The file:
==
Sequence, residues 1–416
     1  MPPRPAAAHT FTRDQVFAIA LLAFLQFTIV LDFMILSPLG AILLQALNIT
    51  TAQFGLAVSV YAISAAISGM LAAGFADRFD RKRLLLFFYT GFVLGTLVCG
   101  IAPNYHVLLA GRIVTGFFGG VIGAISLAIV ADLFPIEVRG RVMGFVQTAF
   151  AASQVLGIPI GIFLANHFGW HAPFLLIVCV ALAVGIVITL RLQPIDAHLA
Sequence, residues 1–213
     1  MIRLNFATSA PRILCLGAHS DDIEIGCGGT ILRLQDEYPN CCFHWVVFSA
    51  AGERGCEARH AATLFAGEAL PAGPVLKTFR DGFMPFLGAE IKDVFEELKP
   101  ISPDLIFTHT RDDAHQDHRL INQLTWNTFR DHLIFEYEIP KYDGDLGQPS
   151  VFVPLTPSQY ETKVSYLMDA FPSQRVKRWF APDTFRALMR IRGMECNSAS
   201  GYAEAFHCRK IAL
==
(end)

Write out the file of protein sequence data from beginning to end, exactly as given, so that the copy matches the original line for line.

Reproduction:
Sequence, residues 1–416
     1  MPPRPAAAHT FTRDQVFAIA LLAFLQFTIV LDFMILSPLG AILLQALNIT
    51  TAQFGLAVSV YAISAAISGM LAAGFADRFD RKRLLLFFYT GFVLGTLVCG
   101  IAPNYHVLLA GRIVTGFFGG VIGAISLAIV ADLFPIEVRG RVMGFVQTAF
   151  AASQVLGIPI GIFLANHFGW HAPFLLIVCV ALAVGIVITL RLQPIDAHLA
Sequence, residues 1–213
     1  MIRLNFATSA PRILCLGAHS DDIEIGCGGT ILRLQDEYPN CCFHWVVFSA
    51  AGERGCEARH AATLFAGEAL PAGPVLKTFR DGFMPFLGAE IKDVFEELKP
   101  ISPDLIFTHT RDDAHQDHRL INQLTWNTFR DHLIFEYEIP KYDGDLGQPS
   151  VFVPLTPSQY ETKVSYLMDA FPSQRVKRWF APDTFRALMR IRGMECNSAS
   201  GYAEAFHCRK IAL